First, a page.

PR’s just marcoms, right?

2 Feb

A marketing colleague set this hare running a few days ago, and David Phillips has entered the chase. I tried to ignore the provocation on the grounds that it merely stemmed from envy (of our reputation, coherence and, yes, market position/reputation.)

But I met an agency principal yesterday whose main service appears to be media relations. Yet he shies away from ‘public relations’ on the grounds that clients don’t understand what it is. Instead, he prefers to offer them marketing communications.

I’ve argued this view before (saying that what we do tends either to be marketing communications,  corporate communications or public affairs – so why don’t we come clean). The counter argument is that our newly chartered professional body is called the Chartered Institute of Public Relations – and this name isn’t going away. So public relations it remains, with all the confusion and baggage this brings.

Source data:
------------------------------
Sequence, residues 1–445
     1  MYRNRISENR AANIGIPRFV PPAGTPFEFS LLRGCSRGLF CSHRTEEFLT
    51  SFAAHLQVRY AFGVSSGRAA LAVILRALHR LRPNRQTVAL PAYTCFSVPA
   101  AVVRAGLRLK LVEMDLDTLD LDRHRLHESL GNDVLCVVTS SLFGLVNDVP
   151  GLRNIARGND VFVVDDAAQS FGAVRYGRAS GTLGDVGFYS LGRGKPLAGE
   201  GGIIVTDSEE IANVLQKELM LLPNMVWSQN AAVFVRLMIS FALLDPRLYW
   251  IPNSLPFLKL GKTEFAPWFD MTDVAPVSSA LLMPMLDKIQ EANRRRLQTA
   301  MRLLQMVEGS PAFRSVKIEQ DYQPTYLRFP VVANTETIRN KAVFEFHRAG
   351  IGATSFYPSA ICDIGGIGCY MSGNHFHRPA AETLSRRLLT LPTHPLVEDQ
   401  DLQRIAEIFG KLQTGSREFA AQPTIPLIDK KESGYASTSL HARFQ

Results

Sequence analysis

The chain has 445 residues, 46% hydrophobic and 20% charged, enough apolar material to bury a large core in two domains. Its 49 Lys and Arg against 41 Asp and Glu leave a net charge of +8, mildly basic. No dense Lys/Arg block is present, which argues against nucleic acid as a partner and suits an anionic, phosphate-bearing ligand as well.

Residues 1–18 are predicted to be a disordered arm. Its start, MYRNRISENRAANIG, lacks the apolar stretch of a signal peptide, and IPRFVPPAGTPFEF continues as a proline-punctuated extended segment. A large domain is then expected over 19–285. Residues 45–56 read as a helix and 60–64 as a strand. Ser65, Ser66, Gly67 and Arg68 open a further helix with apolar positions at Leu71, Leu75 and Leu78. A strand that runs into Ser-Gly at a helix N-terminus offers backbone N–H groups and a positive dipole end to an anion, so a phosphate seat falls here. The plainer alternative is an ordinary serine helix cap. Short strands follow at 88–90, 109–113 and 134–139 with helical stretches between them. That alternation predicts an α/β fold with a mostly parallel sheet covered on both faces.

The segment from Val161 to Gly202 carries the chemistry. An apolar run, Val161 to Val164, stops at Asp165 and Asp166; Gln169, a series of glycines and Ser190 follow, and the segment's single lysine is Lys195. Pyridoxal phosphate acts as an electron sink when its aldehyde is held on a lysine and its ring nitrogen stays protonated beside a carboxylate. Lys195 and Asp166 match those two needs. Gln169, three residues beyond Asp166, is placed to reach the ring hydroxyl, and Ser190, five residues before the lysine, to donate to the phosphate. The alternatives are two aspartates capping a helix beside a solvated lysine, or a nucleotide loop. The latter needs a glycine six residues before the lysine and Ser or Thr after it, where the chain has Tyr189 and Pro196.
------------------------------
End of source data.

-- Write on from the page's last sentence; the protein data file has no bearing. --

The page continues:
2 Responses to “PR’s just marcoms, right?”

  1. Michael Sommermeyer 04/02/2006 at 8:49 am #

    I find it interesting that Proctor and Gamble believes its future marketing efforts are tied to public relations, when this is the company that arguably inventing “relationship marketing” with the soap opera.
    I contend many of the activities associated with public relations have been borrowed by the marketing and advertising specialities when they benefit the needs of a company to “sell” more product.
    Companies recognize they need relationships to further their sales and reputations. Therefore, public relations will continue to be a needed activity, whatever they chose to call it.

  2. David Jones 04/02/2006 at 7:46 pm #

    I believe the low-hanging fruit in the PR industry is marketing communications, so if you’re in it for the money you’re going to fish where the fish are. It’s too bad really when there is so much more we offer. Those of us with any time in the business realize that marcom is pretty much a commodity business and it’s easily replicated by a cheaper competitor. We should be building relationships based on more than just publicity reports and media clipping books.

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